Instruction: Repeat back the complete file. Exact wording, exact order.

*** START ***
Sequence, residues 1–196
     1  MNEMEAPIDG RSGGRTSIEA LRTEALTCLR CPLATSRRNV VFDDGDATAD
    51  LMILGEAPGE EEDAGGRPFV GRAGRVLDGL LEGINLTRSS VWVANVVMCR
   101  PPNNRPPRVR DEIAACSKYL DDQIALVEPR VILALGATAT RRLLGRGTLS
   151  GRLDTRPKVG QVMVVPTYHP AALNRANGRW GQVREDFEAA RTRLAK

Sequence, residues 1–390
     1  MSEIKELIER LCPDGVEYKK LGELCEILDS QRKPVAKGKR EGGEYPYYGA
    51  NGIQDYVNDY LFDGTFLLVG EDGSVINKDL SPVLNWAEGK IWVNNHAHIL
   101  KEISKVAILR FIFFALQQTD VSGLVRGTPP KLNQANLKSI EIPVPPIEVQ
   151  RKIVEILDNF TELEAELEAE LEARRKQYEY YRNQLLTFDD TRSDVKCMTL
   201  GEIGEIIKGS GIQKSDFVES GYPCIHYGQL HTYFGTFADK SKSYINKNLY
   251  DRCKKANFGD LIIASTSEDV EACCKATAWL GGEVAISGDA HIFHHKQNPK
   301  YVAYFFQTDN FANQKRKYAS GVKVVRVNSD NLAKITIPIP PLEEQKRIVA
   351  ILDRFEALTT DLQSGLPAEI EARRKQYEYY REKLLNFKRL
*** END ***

Sequence, residues 1–196
     1  MNEMEAPIDG RSGGRTSIEA LRTEALTCLR CPLATSRRNV VFDDGDATAD
    51  LMILGEAPGE EEDAGGRPFV GRAGRVLDGL LEGINLTRSS VWVANVVMCR
   101  PPNNRPPRVR DEIAACSKYL DDQIALVEPR VILALGATAT RRLLGRGTLS
   151  GRLDTRPKVG QVMVVPTYHP AALNRANGRW GQVREDFEAA RTRLAK

Sequence, residues 1–390
     1  MSEIKELIER LCPDGVEYKK LGELCEILDS QRKPVAKGKR EGGEYPYYGA
    51  NGIQDYVNDY LFDGTFLLVG EDGSVINKDL SPVLNWAEGK IWVNNHAHIL
   101  KEISKVAILR FIFFALQQTD VSGLVRGTPP KLNQANLKSI EIPVPPIEVQ
   151  RKIVEILDNF TELEAELEAE LEARRKQYEY YRNQLLTFDD TRSDVKCMTL
   201  GEIGEIIKGS GIQKSDFVES GYPCIHYGQL HTYFGTFADK SKSYINKNLY
   251  DRCKKANFGD LIIASTSEDV EACCKATAWL GGEVAISGDA HIFHHKQNPK
   301  YVAYFFQTDN FANQKRKYAS GVKVVRVNSD NLAKITIPIP PLEEQKRIVA
   351  ILDRFEALTT DLQSGLPAEI EARRKQYEYY REKLLNFKRL